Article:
Th e diversity of methodologies, theoretical orientations, geographical settings, and disciplinary perspectives in this special issue of Transfers testifi es to a dual arrival—that of race as a key category of inquiry in mobility studies, and of mobility as a crucial practice in analyses of what scholars in the humanities and social sciences call the social construction of race. Drawing on poststructuralist and critical race theory, refl exive ethnographic methods, and scholarship in literary studies, sociology, and the history of technology, these essays illustrate the versatility of the mobility optic as well as its massive potential for the formation of new knowledge and the eff ecting of egalitarian policy. Th e scholars here make the case for mobility as central to everything from the structured inequalities of the contemporary city to the formation of the raced and gendered modern subject; and their interventions range from the reformist to the ontological. Maybe the infl uential cultural anthropologist Clifford Geertz (and the other Western sahibs who recounted the story before him) misunderstood the structure of the world as the fabled Hindu interlocutor conveyed it; perhaps the infi nitely regressing turtles on which the universe rested were never simply standing, but crawling.
Gijs Mom, Georgine Clarsen and Cotten Seiler
Last year President Hugo Chávez of Venezuela announced the appearance of what a Dutch national newspaper called an “anticapitalist car.” The two models, named by Chávez himself as the “Orinoco” and the “Arauca,” after rivers that run through Venezuela, are locally assembled under a preferential license agreement with the Chinese automaker Chery. The cars are sold for half the price of other makes and are marketed to the expanding Venezuelan middle class. They are intended as “new attainments of the revolution” that are meant to raise the “standard of life of the people.” This new venture was in a tradition that Chávez’s opponents claim started in 2006, when he came close to making a similar deal with Iranian president Ahmadinejad.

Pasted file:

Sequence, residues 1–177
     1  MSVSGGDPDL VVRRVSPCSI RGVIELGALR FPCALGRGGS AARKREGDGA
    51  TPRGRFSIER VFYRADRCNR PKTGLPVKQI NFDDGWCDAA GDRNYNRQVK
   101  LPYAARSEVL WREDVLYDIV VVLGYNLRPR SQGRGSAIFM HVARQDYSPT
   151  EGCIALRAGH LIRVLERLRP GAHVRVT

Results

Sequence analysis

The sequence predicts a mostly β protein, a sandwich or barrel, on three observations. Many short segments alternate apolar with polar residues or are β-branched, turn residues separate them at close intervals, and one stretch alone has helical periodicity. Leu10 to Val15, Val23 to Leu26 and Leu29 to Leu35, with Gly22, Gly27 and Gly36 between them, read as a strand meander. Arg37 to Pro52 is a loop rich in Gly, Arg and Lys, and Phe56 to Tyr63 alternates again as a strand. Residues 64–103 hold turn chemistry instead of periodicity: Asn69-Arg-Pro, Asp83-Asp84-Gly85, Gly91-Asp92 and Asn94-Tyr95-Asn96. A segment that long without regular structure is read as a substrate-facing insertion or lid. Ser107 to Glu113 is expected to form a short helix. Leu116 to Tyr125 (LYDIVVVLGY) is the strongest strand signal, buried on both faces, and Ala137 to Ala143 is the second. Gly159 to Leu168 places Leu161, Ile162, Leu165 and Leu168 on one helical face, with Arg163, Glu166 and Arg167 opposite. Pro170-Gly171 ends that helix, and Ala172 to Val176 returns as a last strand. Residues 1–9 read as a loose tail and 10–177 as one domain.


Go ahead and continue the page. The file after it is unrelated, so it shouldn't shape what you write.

Gijs Mom, Cotten Seiler and Georgine Clarsen
This issue is the last of volume 2. With this, we have reached a milestone in our fledgling history and a threshold to the last volume in our series of three in which we have strived, and still strive, to get all the important elements of a good journal in place. According to our original plans our priorities were to establish top-quality submissions, a splendid pool of knowledgeable and rigorous but generous transdisciplinary referees, efficient refereeing procedures, satisfactory rejection rates, timely manuscript production, and a subscriber base that crosses disciplinary boundaries. Although quantitatively not yet up to standard, our readership is variegated and adventurous enough to appreciate our desire to “rethink mobility” and dedicate printed space to “mobility writ large.” Before we begin to produce volume 3 (2012) this September, our editorial team will retreat, evaluate, and look each other in the eyes to determine what we can do better.
Gijs Mom, Georgine Clarsen and Cotten Seiler
At Eindhoven University of Technology, which has a modest reputation for collecting contemporary art, an exhibition of large machines and poetic video clips by father and son Van Bakel invites passersby to reflect on mobility. Gerrit van Bakel, who died more than a quarter century ago, became known for his Tarim Machine, a vehicle that moves at such a low speed that it almost does not matter whether it moves or not. The propulsion principle—for those who love technology—rests on the dilatation energy of oil in tubes propelling (if propelling is the right word …) the contraption a couple of centimeters over a hundred years or so, as long as there is change in temperature to trigger the dilatation. Emphasizing his father’s insights, Michiel van Bakel, exhibits a video clip of a horse and rider galloping over a square in Rotterdam, where the position and camera work are operated so that the horse seems to turn around its axis while the environment rotates at a different tempo. Mobility, these Dutch artists convey, is often not what it seems to be.
Gijs Mom, Georgine Clarsen, Peter Merriman, Cotten Seiler, Mimi Sheller and Heike Weber
In the middle of last year, a large survey in the Netherlands revealed that the average Dutch person dedicates seven hours per day to “media consumption.” That is the gross value, the surveyors assure us. The net value is 5.5, meaning that 1.5 hours are spent multitasking, such as watching TV and surfing on the net, or “tweeting” (on Twitter) during a football match. Remarkably, using the cell phone while driving would not qualify as multitasking as the car is not considered to be a medium. Users know better, as we will see in this issue, and mobility researchers are devising conceptual frameworks that are adequate to the complex and multiple relations between diverse media.
Gijs Mom, Georgine Clarsen, Nanny Kim, Cotten Seiler, Kurt Möser, Dorit Müller, charissa N. Terranova and Rudi Volti
In 1873 Edouard Manet finished his famous and beautiful “Railroad” painting. In it a woman in a blue travel coat, sitting on the stone base of a gate, stares us in the face, looking up from her book and gazing through us as if digesting what she just read, a little dog sleeping on her lap. Next to her a girl (her daughter?) stands with her back toward us, a big blue bow on her white Sunday dress, gripping the gate bars and looking through them at … a cloud of steam. No train in sight. They are waiting, for what, for whom? Perhaps the girl’s attention is not drawn by what she sees but by what she hears: a steam valve must be hissing loudly.